Entertainment Weekly (p.59) - "On his seventh studio album he gets his freak on, rolling in a gospel choir, Annie Lennox, and a more pronounced backbeat....Gray actually sounds like he's cutting loose." -- Grade: B
Q (Magazine) (p.108) - 3 stars out of 5 -- "Gray's grainy rasp distances him from the pack, lending a rueful authority to the customised likes of 'Draw The Line, 'First Chance' and quietly dynamic 'Breathe.'"
Personnel: David Gray (vocals, acoustic guitar, piano, harmonium, Wurlitzer organ, vibraphone); Neill MacColl (acoustic guitar, electric guitar, mandolin, background vocals); Robbie Malone (acoustic guitar, electric guitar, harmonium, background vocals); Caroline Dale (cello); Keith Prior (drums, percussion, background vocals); Iestyn Polson (programming).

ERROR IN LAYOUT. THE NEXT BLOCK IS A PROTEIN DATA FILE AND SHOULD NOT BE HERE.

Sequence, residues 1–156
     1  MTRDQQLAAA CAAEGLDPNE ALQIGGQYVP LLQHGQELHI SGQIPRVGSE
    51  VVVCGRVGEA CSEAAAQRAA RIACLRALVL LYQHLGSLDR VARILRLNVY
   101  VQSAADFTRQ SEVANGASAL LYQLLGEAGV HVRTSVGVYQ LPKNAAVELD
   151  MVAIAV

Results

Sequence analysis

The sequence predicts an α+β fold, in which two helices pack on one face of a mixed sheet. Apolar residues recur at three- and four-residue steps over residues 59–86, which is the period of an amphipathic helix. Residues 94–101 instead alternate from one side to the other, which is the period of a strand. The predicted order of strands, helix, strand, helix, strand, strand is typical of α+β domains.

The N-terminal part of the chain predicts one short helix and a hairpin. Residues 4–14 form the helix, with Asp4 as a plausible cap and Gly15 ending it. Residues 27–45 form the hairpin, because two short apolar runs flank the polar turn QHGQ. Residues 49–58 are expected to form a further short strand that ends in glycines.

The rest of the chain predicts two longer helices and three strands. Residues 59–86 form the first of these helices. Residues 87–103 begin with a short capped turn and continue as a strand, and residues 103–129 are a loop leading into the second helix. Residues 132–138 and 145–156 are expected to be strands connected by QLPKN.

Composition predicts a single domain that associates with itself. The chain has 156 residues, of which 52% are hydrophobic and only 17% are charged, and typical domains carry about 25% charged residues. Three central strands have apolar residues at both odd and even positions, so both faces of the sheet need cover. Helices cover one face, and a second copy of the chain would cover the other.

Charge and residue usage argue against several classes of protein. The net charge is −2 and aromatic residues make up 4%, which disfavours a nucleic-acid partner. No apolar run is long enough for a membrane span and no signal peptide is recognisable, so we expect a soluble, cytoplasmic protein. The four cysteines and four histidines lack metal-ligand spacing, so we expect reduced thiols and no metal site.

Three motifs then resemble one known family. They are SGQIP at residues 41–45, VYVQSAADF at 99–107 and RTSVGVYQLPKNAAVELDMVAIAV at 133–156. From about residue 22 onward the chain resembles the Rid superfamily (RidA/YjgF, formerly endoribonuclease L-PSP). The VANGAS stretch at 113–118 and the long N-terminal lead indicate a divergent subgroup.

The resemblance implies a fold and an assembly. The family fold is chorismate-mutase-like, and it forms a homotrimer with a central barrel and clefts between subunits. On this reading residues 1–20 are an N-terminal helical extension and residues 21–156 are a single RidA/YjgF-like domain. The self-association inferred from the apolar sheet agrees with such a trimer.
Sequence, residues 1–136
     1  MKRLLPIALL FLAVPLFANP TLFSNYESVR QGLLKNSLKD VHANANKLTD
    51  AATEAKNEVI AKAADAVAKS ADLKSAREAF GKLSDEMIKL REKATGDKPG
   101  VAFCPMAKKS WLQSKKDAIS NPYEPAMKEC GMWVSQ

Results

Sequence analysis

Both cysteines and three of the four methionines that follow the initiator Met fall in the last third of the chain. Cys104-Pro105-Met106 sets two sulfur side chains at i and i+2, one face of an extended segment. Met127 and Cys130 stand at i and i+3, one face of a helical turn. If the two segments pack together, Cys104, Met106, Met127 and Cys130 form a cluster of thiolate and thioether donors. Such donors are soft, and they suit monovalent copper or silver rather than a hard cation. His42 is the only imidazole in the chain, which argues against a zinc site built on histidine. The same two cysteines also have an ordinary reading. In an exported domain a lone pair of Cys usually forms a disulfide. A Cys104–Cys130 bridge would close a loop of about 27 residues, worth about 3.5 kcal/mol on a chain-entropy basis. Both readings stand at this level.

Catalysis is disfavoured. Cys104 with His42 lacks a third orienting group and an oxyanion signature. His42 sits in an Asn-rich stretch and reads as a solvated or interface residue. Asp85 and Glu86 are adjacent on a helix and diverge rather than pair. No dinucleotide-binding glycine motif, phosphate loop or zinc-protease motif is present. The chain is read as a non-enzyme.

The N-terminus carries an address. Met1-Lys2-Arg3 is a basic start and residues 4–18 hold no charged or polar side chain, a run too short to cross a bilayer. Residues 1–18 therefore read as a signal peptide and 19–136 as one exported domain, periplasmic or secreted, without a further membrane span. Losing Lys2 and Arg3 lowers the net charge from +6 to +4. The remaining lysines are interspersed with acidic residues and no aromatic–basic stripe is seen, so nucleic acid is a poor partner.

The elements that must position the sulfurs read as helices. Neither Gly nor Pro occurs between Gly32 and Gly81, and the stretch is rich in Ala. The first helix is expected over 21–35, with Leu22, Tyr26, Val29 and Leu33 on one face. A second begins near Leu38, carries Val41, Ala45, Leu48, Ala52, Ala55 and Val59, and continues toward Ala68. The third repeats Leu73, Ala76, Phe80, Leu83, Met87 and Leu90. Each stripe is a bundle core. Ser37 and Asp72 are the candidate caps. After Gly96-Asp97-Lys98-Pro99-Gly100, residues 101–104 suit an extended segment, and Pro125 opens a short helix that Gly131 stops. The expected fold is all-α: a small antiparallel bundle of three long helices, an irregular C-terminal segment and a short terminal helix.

Audio Mixer: Simon Changer.
Photographer: Jake Walters.
After taking a four-year break from the studio, David Gray announced his return with a new backing band, new label representation, and a new album. 2009's DRAW THE LINE is consistent with the rest of Gray's catalog, proof that the songwriter's appeal rests not in those around him but in his nuanced piano ballads and warm, calloused voice. There are two duets here, one with folk artist Jolie Holland and the other with a rather militant-sounding Annie Lennox, but the best material is reserved for Gray alone. He does what he does best on songs like "Transformation," whose homespun melody is at once warm and utterly heartbreaking, but he also makes room for faster material, from the rhythmic drive of "Stella the Artist" to the casual strut of leadoff track "Fugitive." Regardless of the tempo, Gray's voice remains the centerpiece of this album, as his lived-in vocals continue to amass more convincing grit with age. Those looking for another "Babylon" may not find such commercial strains here, but David Gray hasn't concerned himself with the mainstream for years, and DRAW THE LINE is essentially another cog in the folksy wheel he's been spinning since NEW DAY AT MIDNIGHT.